Episode 13: Breaking The Mold, Creating New Ways To Be and Do Jewish w/Roey Kruvi

Episode 13: Breaking The Mold, Creating New Ways To Be and Do Jewish w/Roey Kruvi

“Any good innovative organization will tell you that you have to be okay with failure – that they look to ‘not’ have consensus. That those are the ideas that forge new spaces and opportunities.”

— Roey Kruvi

Roey Kruvi is the Senior Director of Immersive Experiences at Moishe House. He was born in Haifa and lived in different parts of Israel before moving to California at the age of 10, where he has been ever since. Since relocating to Encinitas, he has taken on several new hobbies, using his free time to surf, horseback ride, learn the piano, practice yoga, and spend time with his family. He graduated from UC Berkeley with bachelor’s degrees in geography and interdisciplinary studies. Roey appreciates opportunities to live communally, skill share, laugh at himself, laugh with others, go to potlucks, breathe (thanks, lungs!), read books, negotiate bus fares, and eat lunch by gorging on farmers market samples.

Roey’s passion and dedication are in informal education of youth, especially in wilderness and/or outdoor settings, and he has several years’ experience designing and implementing experiential education curriculums, both in and outside of the Jewish world. Also, he’s a big fan of being alive and not taking himself too seriously. Roey is a cancer survivor and doesn’t sweat the small stuff. Roey is also the founder of Beacons Tech Consulting, a business that provides affordable tech solutions to small and medium-sized nonprofits.

We started off the conversation by talking about the new ways in which Moishe House is helping young adults figure out how best to create programming that feels like an authentic way to be and to do Jewish. Roey shared the story about the genesis of one of Moishe House’s sponsored groups called the WoMinyan – a space where Jewish women are not just advocating to have a seat at the table, but instead it is all about “building our own table” they say. As a program that was funded by Moishe House but envisioned by the young adults themselves Moishe House is pioneering an approach that seeks to democratize access to Jewish programming.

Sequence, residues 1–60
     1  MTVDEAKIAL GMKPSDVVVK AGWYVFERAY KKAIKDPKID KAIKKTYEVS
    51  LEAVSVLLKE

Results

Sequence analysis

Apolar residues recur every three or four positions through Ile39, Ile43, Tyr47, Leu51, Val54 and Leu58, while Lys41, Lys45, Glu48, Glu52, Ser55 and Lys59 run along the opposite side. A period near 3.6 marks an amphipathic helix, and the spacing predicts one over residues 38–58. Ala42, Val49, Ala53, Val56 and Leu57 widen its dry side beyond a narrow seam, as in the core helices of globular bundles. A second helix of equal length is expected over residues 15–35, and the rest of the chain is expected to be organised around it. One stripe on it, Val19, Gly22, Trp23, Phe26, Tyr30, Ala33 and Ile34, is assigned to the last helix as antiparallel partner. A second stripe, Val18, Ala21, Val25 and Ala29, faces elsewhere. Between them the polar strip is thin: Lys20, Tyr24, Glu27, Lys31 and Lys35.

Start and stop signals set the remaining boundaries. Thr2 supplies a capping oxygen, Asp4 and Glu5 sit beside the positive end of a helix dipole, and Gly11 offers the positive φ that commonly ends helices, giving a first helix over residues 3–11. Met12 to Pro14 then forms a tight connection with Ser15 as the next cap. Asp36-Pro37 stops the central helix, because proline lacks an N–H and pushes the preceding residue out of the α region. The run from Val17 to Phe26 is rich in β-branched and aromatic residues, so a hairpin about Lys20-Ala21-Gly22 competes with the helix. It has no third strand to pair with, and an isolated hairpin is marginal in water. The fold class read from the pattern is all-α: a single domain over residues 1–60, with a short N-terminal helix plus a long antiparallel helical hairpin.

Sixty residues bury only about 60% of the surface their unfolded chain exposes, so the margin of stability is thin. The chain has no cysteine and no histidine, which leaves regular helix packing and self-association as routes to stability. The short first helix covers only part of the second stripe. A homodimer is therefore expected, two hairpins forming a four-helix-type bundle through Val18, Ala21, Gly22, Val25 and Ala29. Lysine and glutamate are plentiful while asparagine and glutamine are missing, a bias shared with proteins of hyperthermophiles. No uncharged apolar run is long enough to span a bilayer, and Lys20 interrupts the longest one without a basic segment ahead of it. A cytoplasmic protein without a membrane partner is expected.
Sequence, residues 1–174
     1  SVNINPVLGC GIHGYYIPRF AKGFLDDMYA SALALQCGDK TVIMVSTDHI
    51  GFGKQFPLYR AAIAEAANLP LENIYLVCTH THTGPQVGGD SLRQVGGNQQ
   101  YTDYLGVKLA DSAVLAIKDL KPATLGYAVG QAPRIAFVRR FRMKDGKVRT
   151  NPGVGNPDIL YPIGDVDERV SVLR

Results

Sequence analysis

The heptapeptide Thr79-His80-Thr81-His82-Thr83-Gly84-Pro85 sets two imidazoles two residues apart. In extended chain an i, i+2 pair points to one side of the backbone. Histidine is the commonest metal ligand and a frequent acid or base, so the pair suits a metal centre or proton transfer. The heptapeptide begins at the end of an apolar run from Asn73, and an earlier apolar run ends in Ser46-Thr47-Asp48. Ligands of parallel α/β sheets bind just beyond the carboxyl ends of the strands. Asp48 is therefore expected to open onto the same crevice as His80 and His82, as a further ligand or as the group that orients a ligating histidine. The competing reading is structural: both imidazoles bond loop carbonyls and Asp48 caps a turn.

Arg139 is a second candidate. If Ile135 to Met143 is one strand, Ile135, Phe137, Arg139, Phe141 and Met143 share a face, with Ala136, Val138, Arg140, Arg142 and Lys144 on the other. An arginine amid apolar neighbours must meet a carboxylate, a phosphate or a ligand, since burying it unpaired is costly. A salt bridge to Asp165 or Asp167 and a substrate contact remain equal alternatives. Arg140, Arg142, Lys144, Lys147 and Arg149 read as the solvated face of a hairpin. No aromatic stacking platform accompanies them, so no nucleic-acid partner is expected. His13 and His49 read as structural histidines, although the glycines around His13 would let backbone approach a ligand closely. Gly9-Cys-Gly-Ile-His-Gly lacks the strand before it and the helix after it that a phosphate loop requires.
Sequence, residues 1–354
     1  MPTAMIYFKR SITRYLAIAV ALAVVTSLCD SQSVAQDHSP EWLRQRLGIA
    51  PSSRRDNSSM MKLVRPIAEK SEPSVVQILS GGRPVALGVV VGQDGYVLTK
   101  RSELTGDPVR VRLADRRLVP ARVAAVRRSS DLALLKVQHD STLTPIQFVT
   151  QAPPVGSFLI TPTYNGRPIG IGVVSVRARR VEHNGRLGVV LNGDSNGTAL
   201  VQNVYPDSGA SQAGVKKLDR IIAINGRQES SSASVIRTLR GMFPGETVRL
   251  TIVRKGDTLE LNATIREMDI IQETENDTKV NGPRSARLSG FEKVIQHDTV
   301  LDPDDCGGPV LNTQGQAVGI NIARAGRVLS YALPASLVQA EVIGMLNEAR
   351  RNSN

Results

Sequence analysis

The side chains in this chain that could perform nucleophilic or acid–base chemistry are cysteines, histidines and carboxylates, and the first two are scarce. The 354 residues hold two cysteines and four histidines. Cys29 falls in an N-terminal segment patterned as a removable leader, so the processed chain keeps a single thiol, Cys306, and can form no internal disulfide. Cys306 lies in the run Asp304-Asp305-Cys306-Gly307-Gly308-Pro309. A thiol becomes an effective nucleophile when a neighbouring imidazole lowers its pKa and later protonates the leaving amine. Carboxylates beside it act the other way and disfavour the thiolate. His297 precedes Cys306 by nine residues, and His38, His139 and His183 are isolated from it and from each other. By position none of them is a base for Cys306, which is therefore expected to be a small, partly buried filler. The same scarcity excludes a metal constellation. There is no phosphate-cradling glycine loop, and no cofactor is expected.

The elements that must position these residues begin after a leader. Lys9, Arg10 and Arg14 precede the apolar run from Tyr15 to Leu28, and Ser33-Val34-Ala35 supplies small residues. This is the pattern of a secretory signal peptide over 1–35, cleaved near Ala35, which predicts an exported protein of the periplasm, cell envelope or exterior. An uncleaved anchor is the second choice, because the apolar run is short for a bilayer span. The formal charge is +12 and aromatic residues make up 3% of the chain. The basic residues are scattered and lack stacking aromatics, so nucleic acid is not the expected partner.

We don’t tell anyone what their Jewish identity is and cannot be. But rather, try to empower them to create and search for it on their own – and to validate that for them. -Roey

Also, we talked about how to hit the perfect balance of serious and soul-searching conversations while also creating opportunities to have fun and unwind.

If you want to create a space where people can talk about things that are harder to share and harder to hear – celebrating that at the end of the day with a little bit of fun just seems natural. You just need a space to release. That’s why sometimes I talk about just the need for a party at the end of the day, or some kind of fun evening program. It’s not that innovative. Anybody that has been leading Jewish shabbatons has figured that out. It’s even in the Jewish tradition. That’s why Friday night we have an Oneg or Saturday night you have some kind of celebration. -Roey

For a resource that Roey recommends for folks interested in continuing to think creatively about how to engage Jewishly be sure to check out Moishe House’s Camp Nai Nai Nai – a summer camp experience for adults.


“Is your organization thinking intentionally and creatively about how to infuse more fun into your programming? Let us know!

Comment below!”


Thanks for stopping by and please be sure to share this podcast with your friends and family!


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